Outside, flames lick the Farsight Shell’s transparent alloys. From their elevated vantage point, they have a full view of the torched, blackened, and collapsing structural network that used to be called Clion Prime. There’s another word Gleeu thinks about when he sees all that flame, imagines whole families clawing at each other, but he never says it. When he looks in the eyes of what’s left of them, he can tell that they know already.
“They would have stopped,” he says for what feels like the thousandth time. “After they came close enough to use their weapon. If they were going to stop, they would have.”
“Man those readings,” Tu’Vol says. Like he’s a looping tape. Tape, Gleeu thinks, and wonders why.
“Fire now,” he says absently.
Gleeu doesn’t need the Scope to see the beam lancing out and hitting the surface of the green swamp planet. He stares at it, entranced, as the fetid water of the surface begins to boil, visible as rippling smoke that spreads out from the impact.
“That was for my family,” Tu’Vol says.
Gleeu never had a family. His bride, he always said, was Lady Cosmos, and her beauty was deeper than any Loron’s. The planet blotting out the sky felt like it was taking her away from him. It is the sky now, a sky of water, a sky of melting glass.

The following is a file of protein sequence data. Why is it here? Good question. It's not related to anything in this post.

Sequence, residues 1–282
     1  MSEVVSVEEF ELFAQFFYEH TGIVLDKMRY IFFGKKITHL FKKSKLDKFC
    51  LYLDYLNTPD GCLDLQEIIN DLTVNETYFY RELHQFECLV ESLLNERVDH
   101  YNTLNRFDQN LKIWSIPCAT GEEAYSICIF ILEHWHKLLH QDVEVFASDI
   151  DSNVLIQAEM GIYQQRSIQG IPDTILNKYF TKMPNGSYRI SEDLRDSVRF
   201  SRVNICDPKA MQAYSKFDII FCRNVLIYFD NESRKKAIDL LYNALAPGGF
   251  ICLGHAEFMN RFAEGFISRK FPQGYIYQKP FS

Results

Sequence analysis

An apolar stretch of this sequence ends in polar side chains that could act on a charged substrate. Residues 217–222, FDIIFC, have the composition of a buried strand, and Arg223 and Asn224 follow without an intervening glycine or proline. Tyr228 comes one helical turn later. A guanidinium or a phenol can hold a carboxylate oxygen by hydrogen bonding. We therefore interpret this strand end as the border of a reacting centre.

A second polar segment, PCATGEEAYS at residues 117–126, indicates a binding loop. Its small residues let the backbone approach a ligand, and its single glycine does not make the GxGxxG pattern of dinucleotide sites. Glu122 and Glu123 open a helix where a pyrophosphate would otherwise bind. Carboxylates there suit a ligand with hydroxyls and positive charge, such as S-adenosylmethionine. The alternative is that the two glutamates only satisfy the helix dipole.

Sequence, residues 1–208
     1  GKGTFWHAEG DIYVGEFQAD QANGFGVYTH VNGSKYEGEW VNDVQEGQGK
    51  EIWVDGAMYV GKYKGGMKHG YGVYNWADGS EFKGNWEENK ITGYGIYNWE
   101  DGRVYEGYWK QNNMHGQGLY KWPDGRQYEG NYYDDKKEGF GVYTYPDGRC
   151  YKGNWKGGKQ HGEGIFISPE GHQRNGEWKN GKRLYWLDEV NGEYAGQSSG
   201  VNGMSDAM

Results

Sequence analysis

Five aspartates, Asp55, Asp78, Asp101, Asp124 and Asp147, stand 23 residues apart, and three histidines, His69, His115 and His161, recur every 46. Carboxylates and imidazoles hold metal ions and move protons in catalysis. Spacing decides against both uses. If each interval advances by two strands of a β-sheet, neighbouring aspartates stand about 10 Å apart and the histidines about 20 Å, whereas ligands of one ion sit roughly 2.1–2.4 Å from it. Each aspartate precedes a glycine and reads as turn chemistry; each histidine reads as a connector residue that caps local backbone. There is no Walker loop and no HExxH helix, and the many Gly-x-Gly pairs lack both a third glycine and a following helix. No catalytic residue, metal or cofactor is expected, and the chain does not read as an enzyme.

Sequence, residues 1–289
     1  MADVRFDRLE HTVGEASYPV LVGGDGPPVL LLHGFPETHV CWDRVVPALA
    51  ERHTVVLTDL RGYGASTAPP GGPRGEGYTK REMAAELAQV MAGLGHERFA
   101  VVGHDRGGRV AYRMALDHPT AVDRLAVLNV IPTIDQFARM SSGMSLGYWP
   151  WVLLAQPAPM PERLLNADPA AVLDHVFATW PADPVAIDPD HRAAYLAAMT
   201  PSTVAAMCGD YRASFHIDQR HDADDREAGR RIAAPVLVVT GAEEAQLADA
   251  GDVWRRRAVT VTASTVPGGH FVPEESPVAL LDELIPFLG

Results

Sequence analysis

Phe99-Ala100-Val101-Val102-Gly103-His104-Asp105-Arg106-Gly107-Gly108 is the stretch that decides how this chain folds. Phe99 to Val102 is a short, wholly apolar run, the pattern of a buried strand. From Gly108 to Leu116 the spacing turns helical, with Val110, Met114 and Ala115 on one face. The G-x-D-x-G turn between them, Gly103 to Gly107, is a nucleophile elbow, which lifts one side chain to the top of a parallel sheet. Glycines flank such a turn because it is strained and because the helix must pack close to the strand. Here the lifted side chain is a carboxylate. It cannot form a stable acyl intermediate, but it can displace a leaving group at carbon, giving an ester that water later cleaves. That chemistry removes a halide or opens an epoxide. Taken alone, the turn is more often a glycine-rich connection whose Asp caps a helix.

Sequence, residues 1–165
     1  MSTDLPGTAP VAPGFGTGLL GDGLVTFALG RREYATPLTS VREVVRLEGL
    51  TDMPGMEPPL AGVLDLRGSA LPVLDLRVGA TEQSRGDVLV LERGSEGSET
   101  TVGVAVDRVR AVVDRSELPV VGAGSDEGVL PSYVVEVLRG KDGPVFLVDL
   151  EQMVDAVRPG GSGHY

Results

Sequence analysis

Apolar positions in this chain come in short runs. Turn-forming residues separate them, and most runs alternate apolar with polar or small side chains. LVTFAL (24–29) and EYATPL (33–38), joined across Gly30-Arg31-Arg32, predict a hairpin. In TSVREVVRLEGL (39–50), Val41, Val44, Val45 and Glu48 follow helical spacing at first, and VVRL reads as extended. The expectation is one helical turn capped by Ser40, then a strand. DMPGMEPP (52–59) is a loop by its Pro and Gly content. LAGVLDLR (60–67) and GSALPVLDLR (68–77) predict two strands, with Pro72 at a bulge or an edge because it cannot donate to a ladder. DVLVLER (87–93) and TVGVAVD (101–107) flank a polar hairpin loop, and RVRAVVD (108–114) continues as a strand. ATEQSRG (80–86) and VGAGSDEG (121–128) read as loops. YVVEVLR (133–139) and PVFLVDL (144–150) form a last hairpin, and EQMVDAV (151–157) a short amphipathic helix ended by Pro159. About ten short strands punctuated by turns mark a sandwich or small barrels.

“Fire again!” Tu’vol hisses.
The laser’s not charged, Gleeu thinks, and then there is no sky anywhere, it’s all there is, the boiling water coming for all of them, eating through the Shell. He’s lived in the Shell for so long it’s like he can feel its pain as it groans and creaks. As the water eats through. We’ll drown in , he thinks, before we smash into the core.
And he stares into Tu’vol’s eyes, and Tu’Vol stares into his, as the shouting begins.
Tape wakes up again. Dowo.
This is still a matrix. He hacks his way out of the chair restraints. It’s as easy as breathing, which is something he tells his body it doesn’t have to do. Just don’t even worry. God, it’s never been this easy for him. You shouldn’t be outright able to break the theoretical laws of physics. He doesn’t even go for the “a sudden burst of strength in my time of need let me burst out of the restraints” thing. He just phases through. It’s faster.